The arrests came as thousands of people gathered in the center of Hong Kong to mark the anniversary of its return to Chinese rule. Up until July 1, 1997, the city was a British colony.
Wednesday was the first time since 1997 that police officials banned what has become the yearly anniversary protest. Police officers fired pepper spray and tear gas as demonstrators shouted, “resist till the end” and “Hong Kong independence.”
In a message hanging on a purple banner, police warned people against holding up flags or signs or repeating slogans with a goal of subversion or separating from China.
The police force said on social media that it detained about 370 people on charges including possession of weapons and violating the new law.
Among the arrests were a man with a Hong Kong independence flag and a woman holding a sign showing the British flag and calling for Hong Kong’s independence.
“I’m scared of going to jail but for justice I have to come out today, I have to stand up,” said one man who gave his name as Seth to the Reuters news agency.
The new security law deepened concerns in Hong Kong and overseas about the future of the semi-autonomous territory.
China’s government enacted the law in reaction to anti-government protests in Hong Kong last year. It can punish people for crimes of secession, subversion, terrorism, and collusion with foreign forces. Those found guilty can face a sentence of up to life in prison.
The measure also gives mainland security agencies the right to operate in Hong Kong and bring people to the mainland for trial.
Under the law, China’s central government can keep close watch of schools, social groups, media organizations, and websites in the former British colony. Central government agencies operating in the city will take over in “complicated cases” and when there is a serious threat to national security. Local officials are barred from interfering while they carry out their duties.
Hong Kong leader Carrie Lam spoke at a ceremony to mark the 23rd anniversary of the city’s return to Chinese rule. She called the new law “the most significant development” in the relationship between China and the territory.
“It is also an essential and timely decision for restoring stability in Hong Kong,” she added.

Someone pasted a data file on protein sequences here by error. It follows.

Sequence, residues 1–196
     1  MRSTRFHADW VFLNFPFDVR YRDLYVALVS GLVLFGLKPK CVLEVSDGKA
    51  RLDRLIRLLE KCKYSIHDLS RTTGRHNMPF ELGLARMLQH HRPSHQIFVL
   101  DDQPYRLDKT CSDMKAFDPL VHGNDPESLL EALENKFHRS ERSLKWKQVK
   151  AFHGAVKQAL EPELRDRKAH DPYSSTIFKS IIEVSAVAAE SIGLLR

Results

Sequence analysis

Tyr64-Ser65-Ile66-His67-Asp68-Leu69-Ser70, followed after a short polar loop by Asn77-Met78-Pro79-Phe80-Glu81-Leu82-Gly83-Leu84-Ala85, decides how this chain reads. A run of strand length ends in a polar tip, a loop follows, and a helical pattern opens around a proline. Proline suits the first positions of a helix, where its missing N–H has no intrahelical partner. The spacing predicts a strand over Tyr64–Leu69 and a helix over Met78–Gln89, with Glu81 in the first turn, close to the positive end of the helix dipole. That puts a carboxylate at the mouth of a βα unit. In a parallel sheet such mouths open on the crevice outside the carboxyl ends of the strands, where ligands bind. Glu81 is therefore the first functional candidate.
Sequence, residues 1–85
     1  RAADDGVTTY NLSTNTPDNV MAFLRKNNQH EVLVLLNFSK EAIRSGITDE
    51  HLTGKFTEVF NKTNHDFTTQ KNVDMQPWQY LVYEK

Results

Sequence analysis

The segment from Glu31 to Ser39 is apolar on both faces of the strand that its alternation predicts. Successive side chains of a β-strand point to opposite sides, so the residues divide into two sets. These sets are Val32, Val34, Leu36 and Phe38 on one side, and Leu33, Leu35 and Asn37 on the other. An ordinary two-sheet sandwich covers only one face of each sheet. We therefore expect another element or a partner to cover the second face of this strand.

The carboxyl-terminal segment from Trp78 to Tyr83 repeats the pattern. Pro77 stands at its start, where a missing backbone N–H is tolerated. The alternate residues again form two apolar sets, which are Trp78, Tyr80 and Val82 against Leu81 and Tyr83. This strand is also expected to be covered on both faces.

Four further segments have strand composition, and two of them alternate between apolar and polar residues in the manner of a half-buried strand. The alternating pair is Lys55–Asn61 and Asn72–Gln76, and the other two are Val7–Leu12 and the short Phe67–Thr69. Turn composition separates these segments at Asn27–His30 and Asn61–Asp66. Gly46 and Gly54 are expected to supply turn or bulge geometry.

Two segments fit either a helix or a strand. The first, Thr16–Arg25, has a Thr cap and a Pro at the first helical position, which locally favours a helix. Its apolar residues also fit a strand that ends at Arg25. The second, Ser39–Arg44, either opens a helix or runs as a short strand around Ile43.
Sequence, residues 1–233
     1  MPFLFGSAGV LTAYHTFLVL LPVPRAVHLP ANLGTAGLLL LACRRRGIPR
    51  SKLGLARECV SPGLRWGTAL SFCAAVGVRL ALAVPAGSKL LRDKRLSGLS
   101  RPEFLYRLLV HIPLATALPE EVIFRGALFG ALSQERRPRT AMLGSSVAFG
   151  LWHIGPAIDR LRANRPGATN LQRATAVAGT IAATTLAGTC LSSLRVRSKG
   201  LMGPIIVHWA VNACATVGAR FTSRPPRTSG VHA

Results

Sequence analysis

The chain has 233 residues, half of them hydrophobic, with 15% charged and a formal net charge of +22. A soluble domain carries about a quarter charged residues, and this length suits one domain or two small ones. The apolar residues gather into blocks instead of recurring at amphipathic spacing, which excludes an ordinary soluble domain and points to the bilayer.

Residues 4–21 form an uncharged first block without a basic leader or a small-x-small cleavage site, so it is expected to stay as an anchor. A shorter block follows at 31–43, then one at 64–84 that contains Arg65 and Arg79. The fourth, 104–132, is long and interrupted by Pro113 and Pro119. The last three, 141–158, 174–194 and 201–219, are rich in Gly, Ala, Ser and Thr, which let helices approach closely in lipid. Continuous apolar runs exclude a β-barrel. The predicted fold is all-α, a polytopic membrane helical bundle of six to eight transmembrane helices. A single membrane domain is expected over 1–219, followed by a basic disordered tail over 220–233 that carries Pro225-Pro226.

Critics say the law effectively ends the “one country, two systems” under which Hong Kong was promised a high degree of autonomy.
Reaction from overseas
Britain’s foreign secretary Dominic Raab told reporters Wednesday that the security law “is a clear and serious violation” of the 1997 handover agreement.
Raab announced plans to extend British National Overseas passports for up to 3 million Hong Kongers to five years from the current six-month limit. After five years, passport holders could apply for settled status and then ask for British citizenship 12 months after that.
The United States is moving to end special trade terms for Hong Kong. The Trump administration has said it will bar defense exports to Hong Kong and will soon require permits for the sale of products that have both civilian and military uses.
Also Wednesday, Taiwan’s government opened an office to help Hong Kongers who desire to move to the island. One government official said the move is “not only a statement on Taiwan’s support to Hong Kong’s democracy and freedom, but also highlights our determination to care for Hong Kong people.”
I'm Jonathan Evans.
Hai Do adapted this story for Learning English based on Associated Press and Reuters news reports. George Grow was the editor.
Words in This Story
banner - n. a large strip of cloth with design, writing or picture on it
slogan - n. a word or phrase that is easy to remember and used by a group to get attention
semi-autonomous - adj. having some power to govern itself
secession - n. the act of separating from a nation or state
collusion - n. secret cooperation for an illegal purpose
highlight - v. direct attention to
determination - n. a quality that makes you continue trying to do or achieve something that is difficult